tec Met water tat had
Just returned, ana If the blue man
thought best was ready to reaume
easiness In the old way.
The Confederate succeeded In crawl
lug Into the lines of his own regiment
with the wounded and almoat uneon
tcloua Union officer on his back. The
latter was too far gone to express hit
thanks or to realuw what was going on
about him. ne was fouud, when the
Confederates retreated, more dead than
alive. After some weeks In the hospital
he begpn to gain strength, and the
memory of that terrible experience be
tween the lines and the Incidents of hla
reacue came back to him. Nurses and
comrades smiled when they heard the
etory, charging It to delirium. But to
the officer himself the face of his res
cuer, the sound of his voice, the shape
of his head, as he crept painfully over
the hullet-Bwept ground, all were
burned Into memory.
When fully recovered he tried to
open up communication with his res
cuer, but it was not until twenty years
later that be was able to find and thank
A Kcbel Prison Fragment.
Col. Hawkins raised a regiment In
and around Lewiaburg, Tenn., near
where I was raised, aud went Into the
rebel army. He and a goodly number
of his regiment were taken prisoner
and carried North. One of the boys
tried to keep up a eorresuondence with
his lady-love in the Kouth, and while
In prison was taken sick and Informed
thnt he could not live. He longed to
live for the letter due him from this
lady, but the It tier came one day too
late the day after he had died. Col.
Hawkins had Instructions to answer
all letters. . When he read the lady's
letter, breaking her engagement with
this soldier boy, he wrote this in an
swer: Your letter, lady, came too late,
For heaven had claimed its own:
Ah, sudden change from prison bar
Unto the greut white throne!
And yet I think he would have stayed
To live for his dindain,
Could he have read the careless word
Which you have sent in vain.
So full of patience did he wait,
Through many a weary hour,
That o'er his dimple soldier-faith
Not even death hnd pow'r;
And you did others whisper low
Their homage in your ear.
As though amongst their shallow throng
His spirit had a peer?
I would that rou were by me now,
To draw the sheet aside
And see how pure the look he wore
The moment when he died.
The sorrow that you gave to him
Had left its weary trace,
As 'twere the shadow ot the Cross
Upon his pallid face.
Mid. "eoald change for
The winter's cold tb spring;
Ah, trust no fickle maiden's love.
Thou art a bitter thing!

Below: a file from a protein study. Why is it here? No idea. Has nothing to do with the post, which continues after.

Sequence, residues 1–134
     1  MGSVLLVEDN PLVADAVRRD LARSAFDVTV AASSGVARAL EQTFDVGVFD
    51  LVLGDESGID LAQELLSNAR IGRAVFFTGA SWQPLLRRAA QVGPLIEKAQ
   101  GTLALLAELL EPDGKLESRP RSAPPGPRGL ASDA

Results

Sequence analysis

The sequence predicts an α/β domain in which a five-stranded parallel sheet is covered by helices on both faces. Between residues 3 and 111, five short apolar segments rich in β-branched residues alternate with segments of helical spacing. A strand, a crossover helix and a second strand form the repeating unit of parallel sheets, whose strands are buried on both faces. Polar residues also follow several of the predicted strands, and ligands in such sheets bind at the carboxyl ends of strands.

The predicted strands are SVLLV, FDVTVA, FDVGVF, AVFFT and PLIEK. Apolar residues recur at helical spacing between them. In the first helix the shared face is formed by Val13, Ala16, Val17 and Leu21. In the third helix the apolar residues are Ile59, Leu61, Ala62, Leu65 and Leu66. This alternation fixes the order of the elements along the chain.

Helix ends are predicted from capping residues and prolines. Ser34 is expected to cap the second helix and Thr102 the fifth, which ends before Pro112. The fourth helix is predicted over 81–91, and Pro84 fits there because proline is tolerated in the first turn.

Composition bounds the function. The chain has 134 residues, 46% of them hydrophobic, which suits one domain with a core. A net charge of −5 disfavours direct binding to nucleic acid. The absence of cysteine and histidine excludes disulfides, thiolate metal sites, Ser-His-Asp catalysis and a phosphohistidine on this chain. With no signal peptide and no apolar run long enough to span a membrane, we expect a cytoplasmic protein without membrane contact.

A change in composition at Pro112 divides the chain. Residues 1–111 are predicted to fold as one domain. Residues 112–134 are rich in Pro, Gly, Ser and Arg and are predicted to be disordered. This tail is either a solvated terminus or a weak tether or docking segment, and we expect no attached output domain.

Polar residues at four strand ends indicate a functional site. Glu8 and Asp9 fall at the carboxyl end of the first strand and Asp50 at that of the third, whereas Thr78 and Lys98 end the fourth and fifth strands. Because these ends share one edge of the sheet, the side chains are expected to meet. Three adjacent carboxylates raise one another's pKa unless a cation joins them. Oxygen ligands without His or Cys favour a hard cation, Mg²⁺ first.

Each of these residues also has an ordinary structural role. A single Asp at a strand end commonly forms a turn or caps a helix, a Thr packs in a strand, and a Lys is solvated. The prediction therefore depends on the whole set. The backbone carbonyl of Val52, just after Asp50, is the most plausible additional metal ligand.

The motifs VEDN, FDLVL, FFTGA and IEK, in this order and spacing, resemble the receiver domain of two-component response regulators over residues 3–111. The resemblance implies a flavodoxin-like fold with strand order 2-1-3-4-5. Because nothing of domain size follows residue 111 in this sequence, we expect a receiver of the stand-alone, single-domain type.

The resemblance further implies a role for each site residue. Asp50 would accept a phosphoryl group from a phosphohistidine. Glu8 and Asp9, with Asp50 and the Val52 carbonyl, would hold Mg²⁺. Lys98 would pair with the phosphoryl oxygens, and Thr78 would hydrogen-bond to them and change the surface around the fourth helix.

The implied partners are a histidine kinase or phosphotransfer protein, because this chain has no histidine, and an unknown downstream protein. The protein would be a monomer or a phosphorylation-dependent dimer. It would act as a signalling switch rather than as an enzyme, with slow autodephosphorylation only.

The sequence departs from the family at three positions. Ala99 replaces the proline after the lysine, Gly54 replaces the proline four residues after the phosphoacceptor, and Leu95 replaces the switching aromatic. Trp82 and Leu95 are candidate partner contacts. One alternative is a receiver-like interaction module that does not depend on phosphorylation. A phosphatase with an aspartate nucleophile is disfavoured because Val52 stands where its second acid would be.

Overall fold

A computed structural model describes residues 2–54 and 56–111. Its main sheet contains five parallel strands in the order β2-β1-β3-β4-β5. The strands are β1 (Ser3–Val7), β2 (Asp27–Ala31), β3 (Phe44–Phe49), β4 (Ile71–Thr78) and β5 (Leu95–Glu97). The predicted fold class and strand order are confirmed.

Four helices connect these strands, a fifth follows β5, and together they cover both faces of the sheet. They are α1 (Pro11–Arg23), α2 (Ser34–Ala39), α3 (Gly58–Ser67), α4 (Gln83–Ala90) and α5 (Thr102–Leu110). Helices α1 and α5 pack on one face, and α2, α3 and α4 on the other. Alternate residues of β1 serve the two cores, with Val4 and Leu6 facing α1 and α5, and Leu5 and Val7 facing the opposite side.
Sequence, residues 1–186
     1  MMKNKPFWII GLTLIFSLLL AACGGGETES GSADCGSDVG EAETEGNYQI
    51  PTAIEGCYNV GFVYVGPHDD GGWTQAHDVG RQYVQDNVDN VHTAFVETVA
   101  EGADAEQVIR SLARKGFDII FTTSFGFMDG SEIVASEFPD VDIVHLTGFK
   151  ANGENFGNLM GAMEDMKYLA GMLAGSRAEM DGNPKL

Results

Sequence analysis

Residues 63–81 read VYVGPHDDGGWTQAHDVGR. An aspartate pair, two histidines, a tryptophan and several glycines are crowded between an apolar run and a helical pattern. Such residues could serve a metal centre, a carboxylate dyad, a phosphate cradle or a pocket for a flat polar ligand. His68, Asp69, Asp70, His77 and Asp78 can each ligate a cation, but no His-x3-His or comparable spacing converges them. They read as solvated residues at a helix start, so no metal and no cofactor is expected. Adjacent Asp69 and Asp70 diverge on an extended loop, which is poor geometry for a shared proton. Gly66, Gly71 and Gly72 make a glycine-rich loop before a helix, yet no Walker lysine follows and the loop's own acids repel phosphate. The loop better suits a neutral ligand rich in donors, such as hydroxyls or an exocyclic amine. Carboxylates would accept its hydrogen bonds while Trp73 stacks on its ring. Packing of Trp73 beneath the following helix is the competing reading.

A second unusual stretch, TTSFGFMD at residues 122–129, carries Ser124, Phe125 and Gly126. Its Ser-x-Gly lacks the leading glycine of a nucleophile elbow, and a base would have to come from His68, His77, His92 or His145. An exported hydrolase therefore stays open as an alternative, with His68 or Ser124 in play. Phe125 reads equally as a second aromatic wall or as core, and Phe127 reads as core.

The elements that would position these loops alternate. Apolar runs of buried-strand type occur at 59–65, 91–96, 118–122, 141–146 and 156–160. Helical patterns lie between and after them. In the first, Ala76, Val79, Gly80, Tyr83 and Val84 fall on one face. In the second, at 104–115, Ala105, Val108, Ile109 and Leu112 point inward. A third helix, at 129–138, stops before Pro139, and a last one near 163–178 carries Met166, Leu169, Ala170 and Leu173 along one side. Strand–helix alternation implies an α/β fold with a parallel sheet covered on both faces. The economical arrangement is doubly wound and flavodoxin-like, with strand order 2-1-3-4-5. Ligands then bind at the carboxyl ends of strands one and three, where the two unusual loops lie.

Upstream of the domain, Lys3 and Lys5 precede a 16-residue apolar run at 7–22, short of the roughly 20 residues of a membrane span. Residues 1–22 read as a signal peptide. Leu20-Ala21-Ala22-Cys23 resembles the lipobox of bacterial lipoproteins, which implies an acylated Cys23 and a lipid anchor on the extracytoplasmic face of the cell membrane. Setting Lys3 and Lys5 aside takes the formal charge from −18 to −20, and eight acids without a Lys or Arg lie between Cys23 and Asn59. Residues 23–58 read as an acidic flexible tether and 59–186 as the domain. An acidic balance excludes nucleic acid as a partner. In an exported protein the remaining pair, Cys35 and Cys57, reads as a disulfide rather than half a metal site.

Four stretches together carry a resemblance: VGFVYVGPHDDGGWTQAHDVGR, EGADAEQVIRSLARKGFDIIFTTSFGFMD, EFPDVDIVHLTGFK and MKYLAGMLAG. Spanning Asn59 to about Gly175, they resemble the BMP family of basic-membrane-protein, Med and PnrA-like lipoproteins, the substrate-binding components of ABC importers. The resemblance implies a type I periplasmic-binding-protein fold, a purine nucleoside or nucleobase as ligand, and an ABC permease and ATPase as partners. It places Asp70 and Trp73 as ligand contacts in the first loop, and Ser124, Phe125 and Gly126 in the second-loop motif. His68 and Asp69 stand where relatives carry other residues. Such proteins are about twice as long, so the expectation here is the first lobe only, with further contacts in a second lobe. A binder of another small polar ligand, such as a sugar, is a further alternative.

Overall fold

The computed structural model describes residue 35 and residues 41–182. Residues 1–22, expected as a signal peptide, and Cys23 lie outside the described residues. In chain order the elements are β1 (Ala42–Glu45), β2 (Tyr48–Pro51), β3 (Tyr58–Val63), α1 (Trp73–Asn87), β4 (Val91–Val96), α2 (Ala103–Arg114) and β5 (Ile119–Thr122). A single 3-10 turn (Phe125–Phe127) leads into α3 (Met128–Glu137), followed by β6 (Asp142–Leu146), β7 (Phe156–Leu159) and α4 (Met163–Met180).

For when these valleys, bright in May,
Once more with blossoms wave.
The northern violets shall blow
Above his humble grave.
Tonr dole of scanty words had been
But one more pang to bear,
For him who kissed unto the last
Your tress of golden hair; ,
I did not put it where he taid.
For, when the angels come,
I wonld not have them find the sign
Of falsehood in the tomb.
I've read your letter, and I know
The wiles that you had wrought
To win that noble heart of hie,
And gained it cruel thought!
What lavish wealth men sometimes give
For what Is worthless all;
What manly bosoms beat for truth
In folly's falsest thrall!
Y'ou shall not pity him, for now
His sorrow has au end;
Yet would that you could stand with me
Beside my fallen friend;
And I forgive you for his sake.
And he if it be given
Hay e'en be pleading grace for you
Before the court of heaven.
To-night the cold winds whistle by
As I my vigil keep
Wlthiu the prison dead-house, where
Few mourners come to weep.
A rude plank coffin holds his form;
Yet death exalts hia face,
And I would rather nee him thus
Than clasped in your embrace.
To-night your home may shine with lights
And ring with merry song,
And you be smiling, as your soul
Hnd done no deadly wrong;
Your hand so fair that none would think
It penned these words of pain;
Your skin so white would God, your
Were half as free from stain I
I'd rather be ray comrade dead
Thau you in life supreme;
For yours the sinner's wnking dread,
Aud his the martyr's dream,
Whom nerve we, in this life, we serve
In that which is to come;
He chose his way; you, yours; let Qod
Pronounce the fitting doom. j'
An Undrniralile Cup are.
In the Century E. Terry Sinclair
writes of "The Eventful Cruise of the
'Florida.'" Mr. Sinclair says: Anoth
er of our captures, a vessel from the
East Indies, contained a rare character
In an old lady, who, we were told, was
a missionary on her return home for a
vacation. As usual, Capt. Morris gave
tbls lady one of the state-rooms In his
cabin; but it was not long before she
had the entire cabin, and, I think,
had she stayed much longer, would
have been captain. She was intensely
Union, and had little use for "rebels,"
nor did she hesitate to tell us to. We
got In the habit of watching for her
head, as It came up out of tbe cabin
hatch, when tbere would be a general
scamper; but tbe poor officer of the
deck wat compelled to atand and take
her tongue-lashing. Tbe old lady usu
ally promenaded the deck with a green
cotton umbrella raised; and on ont oc
casion one of the retreating onee re
turned and found that Lieut Btona,